Fix website domain problems
Domain names, like google.com or whitehouse.gov, identify websites, but sometimes devices and sites on your intranet or local network use a domain name that's already assigned to an internet site. You might run into the following error if one domain name you’re using is the same as another name: "The site you are trying to reach may be conflicting with a new domain name."
Fix the name collision
If you see this error, you might be trying to visit a domain that uses a new Internet extension, like
.happy. This happens when an existing, private Internet address matches a new, public domain name. It could put you at a security risk, because you might end up at a site you didn't mean to where you could accidentally give out your personal information.
To fix the problem, talk to your system administrator.
Why name collisions happen
This error is frequently the result of a conflict between an internal domain name and a new public domain name. For example, many companies with offices in New York City use addresses like
printer.nyc to refer to computers and other resources in that office. However, the Internet Corporation for Assigned Names and Numbers (ICANN) has recently given the
.nyc domain to the City of New York. This means that visiting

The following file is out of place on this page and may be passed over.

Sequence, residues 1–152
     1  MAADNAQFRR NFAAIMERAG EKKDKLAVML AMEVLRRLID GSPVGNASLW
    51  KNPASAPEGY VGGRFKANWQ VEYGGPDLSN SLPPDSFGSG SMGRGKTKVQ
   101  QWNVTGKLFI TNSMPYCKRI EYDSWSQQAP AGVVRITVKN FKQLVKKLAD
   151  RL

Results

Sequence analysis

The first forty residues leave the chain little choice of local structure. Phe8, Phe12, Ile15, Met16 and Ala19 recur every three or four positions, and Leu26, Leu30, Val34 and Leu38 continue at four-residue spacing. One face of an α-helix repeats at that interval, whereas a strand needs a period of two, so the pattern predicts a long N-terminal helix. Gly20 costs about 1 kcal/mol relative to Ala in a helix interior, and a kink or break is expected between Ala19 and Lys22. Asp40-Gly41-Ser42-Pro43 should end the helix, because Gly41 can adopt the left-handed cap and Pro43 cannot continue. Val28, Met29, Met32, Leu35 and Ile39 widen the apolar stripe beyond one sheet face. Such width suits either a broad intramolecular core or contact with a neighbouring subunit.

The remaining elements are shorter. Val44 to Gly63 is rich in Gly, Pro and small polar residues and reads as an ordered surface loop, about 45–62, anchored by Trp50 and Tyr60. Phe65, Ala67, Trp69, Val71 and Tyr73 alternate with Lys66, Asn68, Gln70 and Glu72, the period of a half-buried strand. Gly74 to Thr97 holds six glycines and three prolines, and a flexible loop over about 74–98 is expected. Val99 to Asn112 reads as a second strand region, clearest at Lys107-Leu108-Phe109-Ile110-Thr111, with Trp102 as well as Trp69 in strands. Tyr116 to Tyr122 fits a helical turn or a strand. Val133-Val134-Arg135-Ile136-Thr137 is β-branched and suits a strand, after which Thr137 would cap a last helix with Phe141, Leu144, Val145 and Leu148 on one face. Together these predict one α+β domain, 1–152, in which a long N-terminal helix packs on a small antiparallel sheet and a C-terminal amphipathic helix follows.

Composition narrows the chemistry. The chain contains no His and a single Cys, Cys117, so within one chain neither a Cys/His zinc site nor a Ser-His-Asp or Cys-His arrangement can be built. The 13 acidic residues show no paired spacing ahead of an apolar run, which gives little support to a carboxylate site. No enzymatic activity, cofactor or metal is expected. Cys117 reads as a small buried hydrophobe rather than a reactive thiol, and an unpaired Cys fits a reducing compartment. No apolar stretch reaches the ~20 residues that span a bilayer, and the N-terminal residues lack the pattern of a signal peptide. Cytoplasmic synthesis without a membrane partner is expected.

printer.nyc could start redirecting to a public website, rather than an internal resource.
Info for system administrators
If you own the web page that's having the problem, learn more about why this is happening and how to fix it below.How Chrome detects name collisions
When a new domain name launches, it temporarily returns a special IP address (127.0.53.53). Chrome sees this address and warns you of the new, conflicting top level domain name. The warning might not happen all the time.
For example, if you use a laptop at work, the page might load, but if you try to access it from a local coffee shop, you might see this warning. Even though you only see the warning page some of the time, the problem still exists, and you need to update your configuration to avoid the new domain name.
Because of the potential for security problems, like sending print jobs across the Internet to an unrelated site, ICANN requires that all newly approved top-level domains return the spcial IP address 127.0.53.53 for all domains for the first 90 days of operation. This is so that users and administrators can detect and fix the problem, before more serious ones develop.
The best way to fix the problem is to stop using the old domain name. Although there isn’t a specific top-level domain reserved for use in private networks, we recommend you use
.internal if your configuration requires a specific top-level domain for internal use.
Visit the ICANN webpage for more information to help you fix any problems.
Megan is a Google Chrome expert and the author of this help page. Help her improve this article by leaving feedback below.